An individual should consider succession and estate planning not just at the time of making a will but at the time of making an investment. It is prudent and advisable to make all investments in moveable or immoveable properties in joint names.
For moveable assets, such as deposits, shares, mutual funds, bank accounts etc where investment in joint names is not possible, it is advisable to make a nomination in the name of an heir. Such a facility will minimise documentation required to transfer assets from the name of the deceased to that of his heirs.
A nominee is however not entitled to be the owner of the asset to which he has been nominated. He is expected to act as an executor for the estate. The nominee collects all such sums to which he has been nominated and distributes them according to the wishes expressed by the deceased (in case of a will) or as directed by law, in case there is no will.
Nomination facility does not exist for investment made in immoveable properties except in certain cases where the immoveable property is in co-operative group housing societies. In all other cases if the immoveable property is in a single name it is advisable to make and register a will.The failure to do so not only can make succession an expensive and long drawn out affair but it can also cause family litigation and defect in the title of the property, thereby reducing its value.
|Bank Accounts: Opt for a joint account. Operated on an either or survivor basis is the best|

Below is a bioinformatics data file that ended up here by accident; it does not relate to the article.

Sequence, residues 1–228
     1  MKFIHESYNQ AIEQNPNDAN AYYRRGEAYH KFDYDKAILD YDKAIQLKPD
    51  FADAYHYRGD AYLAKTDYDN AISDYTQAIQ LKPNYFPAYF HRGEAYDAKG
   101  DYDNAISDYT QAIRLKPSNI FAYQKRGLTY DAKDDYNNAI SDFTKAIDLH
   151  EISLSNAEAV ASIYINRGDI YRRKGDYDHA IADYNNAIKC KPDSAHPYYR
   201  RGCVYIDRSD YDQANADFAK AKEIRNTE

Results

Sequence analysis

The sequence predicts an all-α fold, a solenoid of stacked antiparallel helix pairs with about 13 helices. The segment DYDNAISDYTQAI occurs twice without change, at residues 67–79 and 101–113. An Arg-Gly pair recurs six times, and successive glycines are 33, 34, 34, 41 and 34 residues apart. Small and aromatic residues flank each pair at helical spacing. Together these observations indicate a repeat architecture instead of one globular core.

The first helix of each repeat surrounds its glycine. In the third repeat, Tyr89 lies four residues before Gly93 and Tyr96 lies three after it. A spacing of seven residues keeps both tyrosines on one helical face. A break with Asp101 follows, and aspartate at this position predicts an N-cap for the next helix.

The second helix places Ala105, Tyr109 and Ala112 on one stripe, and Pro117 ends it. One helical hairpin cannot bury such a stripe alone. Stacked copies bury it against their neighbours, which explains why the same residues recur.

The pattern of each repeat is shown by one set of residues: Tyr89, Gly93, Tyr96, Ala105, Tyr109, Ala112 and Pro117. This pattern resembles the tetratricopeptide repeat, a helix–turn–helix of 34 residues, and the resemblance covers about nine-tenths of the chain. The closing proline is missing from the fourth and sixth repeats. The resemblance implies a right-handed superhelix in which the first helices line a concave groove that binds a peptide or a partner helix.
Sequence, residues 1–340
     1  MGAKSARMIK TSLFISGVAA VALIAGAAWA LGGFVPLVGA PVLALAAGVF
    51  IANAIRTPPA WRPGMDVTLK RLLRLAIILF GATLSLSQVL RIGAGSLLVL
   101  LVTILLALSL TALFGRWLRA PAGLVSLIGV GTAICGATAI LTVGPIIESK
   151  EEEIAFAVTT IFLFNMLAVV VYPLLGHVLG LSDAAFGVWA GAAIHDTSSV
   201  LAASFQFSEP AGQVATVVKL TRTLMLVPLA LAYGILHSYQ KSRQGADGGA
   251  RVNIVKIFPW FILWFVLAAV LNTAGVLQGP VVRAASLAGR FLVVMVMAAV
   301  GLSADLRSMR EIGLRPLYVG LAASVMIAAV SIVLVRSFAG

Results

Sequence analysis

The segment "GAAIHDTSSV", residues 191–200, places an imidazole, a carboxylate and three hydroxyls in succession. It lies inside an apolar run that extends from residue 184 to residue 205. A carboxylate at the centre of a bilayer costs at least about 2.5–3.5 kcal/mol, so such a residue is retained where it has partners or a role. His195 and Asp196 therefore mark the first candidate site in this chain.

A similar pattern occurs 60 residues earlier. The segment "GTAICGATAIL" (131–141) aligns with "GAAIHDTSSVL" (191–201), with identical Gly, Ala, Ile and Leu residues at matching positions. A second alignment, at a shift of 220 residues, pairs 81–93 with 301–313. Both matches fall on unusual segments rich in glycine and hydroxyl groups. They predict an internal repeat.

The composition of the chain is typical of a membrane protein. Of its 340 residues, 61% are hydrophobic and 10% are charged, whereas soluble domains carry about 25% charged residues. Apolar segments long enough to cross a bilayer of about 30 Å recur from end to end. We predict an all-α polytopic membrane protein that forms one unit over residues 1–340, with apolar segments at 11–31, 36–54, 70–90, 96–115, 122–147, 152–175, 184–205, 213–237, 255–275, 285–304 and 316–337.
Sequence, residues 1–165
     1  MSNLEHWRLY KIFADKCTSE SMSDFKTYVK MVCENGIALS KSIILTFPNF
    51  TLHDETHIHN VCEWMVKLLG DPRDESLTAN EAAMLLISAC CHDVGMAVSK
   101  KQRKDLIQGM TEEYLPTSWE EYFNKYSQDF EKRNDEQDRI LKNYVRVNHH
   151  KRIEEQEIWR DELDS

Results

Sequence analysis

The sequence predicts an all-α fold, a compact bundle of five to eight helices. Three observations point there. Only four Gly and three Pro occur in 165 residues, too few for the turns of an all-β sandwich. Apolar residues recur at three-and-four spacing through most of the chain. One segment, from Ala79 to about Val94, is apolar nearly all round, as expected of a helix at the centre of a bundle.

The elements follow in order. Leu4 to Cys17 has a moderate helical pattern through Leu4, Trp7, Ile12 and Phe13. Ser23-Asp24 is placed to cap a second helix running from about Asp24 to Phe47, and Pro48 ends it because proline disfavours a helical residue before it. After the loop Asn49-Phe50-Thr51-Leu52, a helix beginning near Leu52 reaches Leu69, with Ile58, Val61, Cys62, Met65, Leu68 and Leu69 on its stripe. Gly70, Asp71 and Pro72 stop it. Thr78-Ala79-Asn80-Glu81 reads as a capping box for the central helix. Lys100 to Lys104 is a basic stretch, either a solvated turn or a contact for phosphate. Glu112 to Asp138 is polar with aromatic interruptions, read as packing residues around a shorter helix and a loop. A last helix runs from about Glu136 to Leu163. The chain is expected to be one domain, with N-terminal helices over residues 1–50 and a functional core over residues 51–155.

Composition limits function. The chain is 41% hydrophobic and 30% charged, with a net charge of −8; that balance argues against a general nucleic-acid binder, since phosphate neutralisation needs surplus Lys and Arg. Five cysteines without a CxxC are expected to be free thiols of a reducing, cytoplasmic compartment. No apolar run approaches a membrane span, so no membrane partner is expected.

|Property: For land make a will or nominate a successor. For flats, a power of attorney works|
|Securities/MF: Joint holding is the best. Heir can submit death certificate to the firm for transferring shares|
|Life Insurance: If heir has nomination details, policy document and death certificate of the policyholder, the claims can be settled quickly|
|Business: Instead of sole proprietorship go for partnership. Make spouse partner in sole proprietorship businesses or make heir apparent a sleeping partner|
An individual could also own certain other properties like jewellery, artwork, antiques where nomination facility need not be expressly defined. In case of lockers it is meant only to facilitate access to it by the successors. It does not ensure any right of ownership. It is therefore essential that all such assets be identified and distributed among the legal heirs through the creation of a visible mode — a will is the best form of such an expression.
A will should list out the assets and liabilities, define the heirs and specify the distribution of the assets. It must be signed by the individual in the presence of two independent witnesses.
If there is a doubt about the individual’s mental health, a medical doctor should certify the individual’s health at the time of signing the will. It is always advisable to take legal opinion before making a will and ensure that it is registered before a court registrar.
However, if that is not possible, even a handwritten will would suffice provided it specifies the estate, defines the heirs and distributes the estate among the heirs. Again two independent witnesses should be present.
Taking these simple precautions will ensure that the wealth of an individual is protected and distributed among his heirs in the manner he desires. It is something which every individual owes to his family to ensure that they are able to live with dignity and pride, even after the individual’s death.
(By Arvind Nair, Chartered Accountant)